thumbnailFigure 5. Regulation and function of CCR9. (a) Up-regulation of CCR9 on THP-1 monocytic cells by TNFα. Cells were cultured for 16 hours in the absence or presence of various concentrations of TNFα, then analysed for CCR9 expression by flow cytometry, *P < 0.05 and **P < 0.01 compared to the absence of TNFα. (b) Chemotactic response of peripheral blood monocytes from healthy donors to increasing concentrations of CCL25, CCL2 (MCP-1) as positive control, from 1 representative healthy donor in duplicate.** = P < 0.01 compared to control. (c, d) CCL25 stimulates CD36 expression by RA (c) and non-RA (d) monocytes. Peripheral blood monocytes were isolated and treated with CCL25, CXCL16 or PMA for three hours, followed by flow cytometry to detect CD36. Data for CCL25 and PMA are means ± standard errors from five RA and non-RA individuals all in triplicate. *** = P < 0.0001 compared to control (no CCL25). The rise in CD36 expression in response to CCL25 is greater for RA (c) than healthy (d) monocytes (P < 0.01 at 50 ng/ml, P < 0.001 at 100 ng/ml and 500 ng/ml CCL25 compared to control). The CXCL16 data represent two RA and two non-RA individuals in triplicate.

Functional aspects of monocyte CCR9

To investigate the functionality of CCR9 chemotaxis experiments were performed. PB monocytes responded to CCL25 (P < 0.01) with an optimal response at 500 ng/ml (P < 0.01) (Figure 5b). However, chemotactic responses to CCL25 were not observed in all individuals despite showing significant responses to CCL2, the classic monocyte attracting chemokine. Identical results were obtained for the CD14+CD16- and CD14+CD16+ subpopulations (not shown).

To examine if CCL25 affected the differentiation of monocytes, its influence on the levels of the scavenger receptor CD36 was studied. Preliminary experiments using the monocytic cell line U937 showed that CCL25 (0 to 500 ng/ml) induced differentiation of these cells as indicated by a concentration dependent increase of CD36 levels (P < 0.0001) (data not shown).

On RA monocytes CCL25 (0 to 500 ng/ml) gave a significant increase in CD36 expression on RA monocytes (P < 0.001) (Figure 5c). At 50 ng/ml, 100 ng/ml and 500 ng/ml CCL25, CD36 levels were significantly higher than in the absence of chemokine (P < 0.001). PMA (positive control) also gave an increase in CD36 expression (P < 0.001) compared to control. In healthy individuals CCL25 also stimulated the expression of CD36 (P < 0.001) on monocytes (Figure 5d). There were significant increased levels of CD36 at all concentrations tested compared to the no chemokine control (P < 0.001 in each case). PMA also gave a significant stimulation in CD36 levels compared to control (P < 0.001).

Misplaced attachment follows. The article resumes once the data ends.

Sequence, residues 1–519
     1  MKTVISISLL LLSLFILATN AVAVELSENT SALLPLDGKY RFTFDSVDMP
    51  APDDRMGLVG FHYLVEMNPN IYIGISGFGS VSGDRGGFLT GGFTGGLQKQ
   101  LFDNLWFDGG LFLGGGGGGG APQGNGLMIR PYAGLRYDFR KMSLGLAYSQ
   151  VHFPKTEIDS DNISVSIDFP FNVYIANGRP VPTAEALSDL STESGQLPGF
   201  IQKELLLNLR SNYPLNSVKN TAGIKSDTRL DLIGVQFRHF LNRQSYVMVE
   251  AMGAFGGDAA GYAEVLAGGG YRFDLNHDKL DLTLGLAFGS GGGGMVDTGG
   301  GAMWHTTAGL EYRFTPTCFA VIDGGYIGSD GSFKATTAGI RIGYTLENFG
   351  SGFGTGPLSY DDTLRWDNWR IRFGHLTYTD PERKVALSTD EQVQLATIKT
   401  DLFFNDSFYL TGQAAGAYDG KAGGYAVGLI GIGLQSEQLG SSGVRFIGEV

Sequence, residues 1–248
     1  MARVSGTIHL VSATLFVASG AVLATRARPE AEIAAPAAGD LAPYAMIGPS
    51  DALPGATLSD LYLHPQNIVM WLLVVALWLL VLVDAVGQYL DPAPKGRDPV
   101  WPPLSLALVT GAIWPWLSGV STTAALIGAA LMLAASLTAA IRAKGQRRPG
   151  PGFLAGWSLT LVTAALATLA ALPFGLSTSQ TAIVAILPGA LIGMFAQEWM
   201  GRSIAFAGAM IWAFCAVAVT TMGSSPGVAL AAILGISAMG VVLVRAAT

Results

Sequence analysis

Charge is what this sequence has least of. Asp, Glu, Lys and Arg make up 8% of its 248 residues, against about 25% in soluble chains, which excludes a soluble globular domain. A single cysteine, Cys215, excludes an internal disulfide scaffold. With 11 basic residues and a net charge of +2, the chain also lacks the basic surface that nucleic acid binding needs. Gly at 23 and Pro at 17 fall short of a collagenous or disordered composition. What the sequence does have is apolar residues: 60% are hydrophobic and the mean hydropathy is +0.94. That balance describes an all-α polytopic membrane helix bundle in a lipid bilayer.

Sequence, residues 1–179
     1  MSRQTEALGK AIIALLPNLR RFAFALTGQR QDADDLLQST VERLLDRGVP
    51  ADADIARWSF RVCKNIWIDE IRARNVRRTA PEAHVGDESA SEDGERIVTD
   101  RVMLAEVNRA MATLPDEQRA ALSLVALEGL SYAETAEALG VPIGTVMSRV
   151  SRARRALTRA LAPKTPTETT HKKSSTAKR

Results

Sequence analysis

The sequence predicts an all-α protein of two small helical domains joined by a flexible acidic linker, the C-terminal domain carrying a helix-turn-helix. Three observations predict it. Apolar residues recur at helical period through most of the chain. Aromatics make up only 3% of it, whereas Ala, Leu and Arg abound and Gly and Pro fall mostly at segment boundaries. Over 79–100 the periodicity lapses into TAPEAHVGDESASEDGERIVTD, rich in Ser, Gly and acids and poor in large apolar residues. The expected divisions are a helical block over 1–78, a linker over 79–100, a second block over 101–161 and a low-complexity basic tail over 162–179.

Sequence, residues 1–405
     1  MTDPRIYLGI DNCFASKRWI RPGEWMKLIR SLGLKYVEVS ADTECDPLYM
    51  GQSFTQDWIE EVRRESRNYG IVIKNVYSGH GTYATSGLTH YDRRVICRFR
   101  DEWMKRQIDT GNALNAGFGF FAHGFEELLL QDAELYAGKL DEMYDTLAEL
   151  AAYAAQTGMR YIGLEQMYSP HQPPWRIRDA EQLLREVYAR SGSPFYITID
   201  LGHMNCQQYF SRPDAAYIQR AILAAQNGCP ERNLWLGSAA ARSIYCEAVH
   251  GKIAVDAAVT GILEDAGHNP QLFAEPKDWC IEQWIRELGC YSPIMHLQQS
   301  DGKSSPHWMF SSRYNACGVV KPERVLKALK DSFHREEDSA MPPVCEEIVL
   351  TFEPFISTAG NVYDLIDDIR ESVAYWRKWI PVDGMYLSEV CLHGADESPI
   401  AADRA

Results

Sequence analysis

There was no significant difference in CD36 expression between control RA and healthy monocytes in the absence of CCL25. However, in the presence of CCL25 RA monocytes were more responsive than healthy monocytes (Figure 5c, d). This was shown by the rise in CD36 levels from baseline to 50, 100 and 500 ng/ml CCL25 being significantly greater for RA than healthy monocytes (P = 0.007, P < 0.001 and P < 0.001 respectively). Furthermore, at 100 ng/ml and 500 ng/ml CCL25 RA monocytes displayed marked increases in CD36 expression amounting to 12- and 19-fold respectively compared to no chemokine control, whereas non-RA monocytes gave only 2- and 3-fold increases respectively. Similarly for PMA stimulation, the rise in CD36 expression was greater on RA than healthy monocytes (P < 0.001).

CXCR6 was expressed at very low levels on RA and healthy PB monocytes by flow cytometry (MFI <0.46), in agreement with others [30]. Addition of CXCL16 (the ligand for CXCR6) at 50, 100 and 500 ng/ml gave no significant increase in CD36 levels on RA and healthy monocytes for each concentration (Figure 5c, d).

CCL25 also stimulated the expression of alternative macrophage scavenger receptors CD91 and SR-A by RA and healthy monocytes (data not shown).

Discussion

The results of this study show an increased expression of CCR9 on circulating monocytes in the blood of patients with RA. Not only the number of CCR9 receptors per monocytic cell increases but also the percentage of monocytic cells bearing this receptor increases. Furthermore, in the synovium there is an increase in the number and percentage of macrophages that express CCR9 in RA. The percentage of CCR9+ monocytes in RA synovium (81%) is greater than that in blood (40%), similarly in non-RA the percentage of CCR9+ monocytes in the synovium (66%) is increased compared to that in blood (16%). This suggests there may be a preferential recruitment of monocytes bearing this receptor into the synovium or an up-regulation of the receptor, possibly by cytokines (for example, TNF), once the cells have migrated into the tissue.